Published September 25, 2006
WASHINGTON – The Bush administration doled out nearly $400 million Monday to help protect seaports, commuter trains and other transit systems from terrorists, boosting money to high-risk cities that saw funding cuts earlier this year.
Major winners included New York City, which won $79.5 million to secure its port, subways, bus and rail systems — up from $50 million in 2005.
Losing cities that got no money for 2006 after being on the Homeland Security Department funding list last year included Memphis, Tenn., and Tampa, Fla., which lost funds for ports.
In all, the department distributed $399 million in grants — up from $388 million last year — to secure key buildings, transportation systems and other sites that might seem attractive targets for terrorists. The money follows a furor nearly four months ago after Homeland Security cut funding for New York and Washington, the two cities targeted on Sept. 11, 2001, by 40 percent.
Homeland Security Secretary Michael Chertoff said the new round of department grants was given out based only on risk — and should not be viewed as a competition to see which city gets the most money.
"What we're trying to do is move away from looking at grants as if every year, it's a horse race, and let's see who wins each race for each grant," Chertoff told reporters in Washington. "If you want a horse race, go to Pimlico."
But Chertoff said his department would take new steps to assure cities that future grant applications are understood and thoroughly discussed to prevent a similar outcry. The way Homeland Security announced the earlier grants for high-risk cities, awarded in May, "was not what it should have been," Chertoff said.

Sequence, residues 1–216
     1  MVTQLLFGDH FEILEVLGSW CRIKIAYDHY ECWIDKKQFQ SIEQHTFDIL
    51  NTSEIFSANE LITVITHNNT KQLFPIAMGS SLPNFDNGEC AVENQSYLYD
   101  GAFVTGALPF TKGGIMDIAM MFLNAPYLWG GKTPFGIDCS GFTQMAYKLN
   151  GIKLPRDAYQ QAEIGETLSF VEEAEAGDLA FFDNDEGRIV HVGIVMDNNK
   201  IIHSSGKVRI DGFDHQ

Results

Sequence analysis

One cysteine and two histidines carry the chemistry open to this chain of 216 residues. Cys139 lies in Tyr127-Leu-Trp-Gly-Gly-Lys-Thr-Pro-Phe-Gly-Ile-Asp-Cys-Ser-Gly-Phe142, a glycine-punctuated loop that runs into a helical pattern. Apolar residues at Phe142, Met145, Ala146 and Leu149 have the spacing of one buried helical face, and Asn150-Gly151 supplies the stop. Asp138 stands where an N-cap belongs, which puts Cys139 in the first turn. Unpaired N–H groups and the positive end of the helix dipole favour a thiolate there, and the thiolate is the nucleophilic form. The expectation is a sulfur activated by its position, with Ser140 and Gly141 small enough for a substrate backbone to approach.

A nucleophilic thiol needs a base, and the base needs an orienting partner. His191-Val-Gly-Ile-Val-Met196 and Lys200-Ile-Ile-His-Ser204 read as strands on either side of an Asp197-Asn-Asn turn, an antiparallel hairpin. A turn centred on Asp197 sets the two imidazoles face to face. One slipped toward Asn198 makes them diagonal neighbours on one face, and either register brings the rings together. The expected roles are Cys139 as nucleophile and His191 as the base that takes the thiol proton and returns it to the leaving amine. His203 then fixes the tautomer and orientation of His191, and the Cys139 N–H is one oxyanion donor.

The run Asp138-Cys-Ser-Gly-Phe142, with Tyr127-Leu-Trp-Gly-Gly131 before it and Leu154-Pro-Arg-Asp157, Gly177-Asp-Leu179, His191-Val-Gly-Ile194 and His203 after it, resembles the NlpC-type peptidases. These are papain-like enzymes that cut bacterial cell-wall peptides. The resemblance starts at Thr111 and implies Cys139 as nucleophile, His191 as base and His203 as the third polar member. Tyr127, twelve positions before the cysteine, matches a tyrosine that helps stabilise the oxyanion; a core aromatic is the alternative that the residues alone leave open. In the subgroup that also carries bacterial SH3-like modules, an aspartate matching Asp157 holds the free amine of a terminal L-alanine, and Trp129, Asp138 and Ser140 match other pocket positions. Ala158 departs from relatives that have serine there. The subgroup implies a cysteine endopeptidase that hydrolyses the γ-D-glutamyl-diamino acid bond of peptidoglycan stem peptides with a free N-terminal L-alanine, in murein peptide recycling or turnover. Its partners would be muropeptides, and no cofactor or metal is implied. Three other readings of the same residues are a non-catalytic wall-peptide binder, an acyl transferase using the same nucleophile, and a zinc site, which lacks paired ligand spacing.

Sen. Charles E. Schumer, D-N.Y., said boosting funds for New York ports and rail systems hopefully reflected "a sign of things to come."
If Homeland Security "is finally admitting that they shortchanged New Yorkers and are looking to make recompense, then that is all for the good," Schumer said.
Department officials said many cities — like Houston and Atlanta — asked for fewer funds this year than what they received in 2005 because they no longer needed as much money for security projects that were completed or already under way.
The grants announced Monday included:
—$168 million for seaports.
—$135 million for commuter rail, bus, and ferry systems.
—$48 million for critical infrastructure, like water or electricity systems.
—$25 million for chemical plants.
—$7.2 million for Amtrak.
—$9.5 million for bus companies.
—$4.8 million for tracking companies.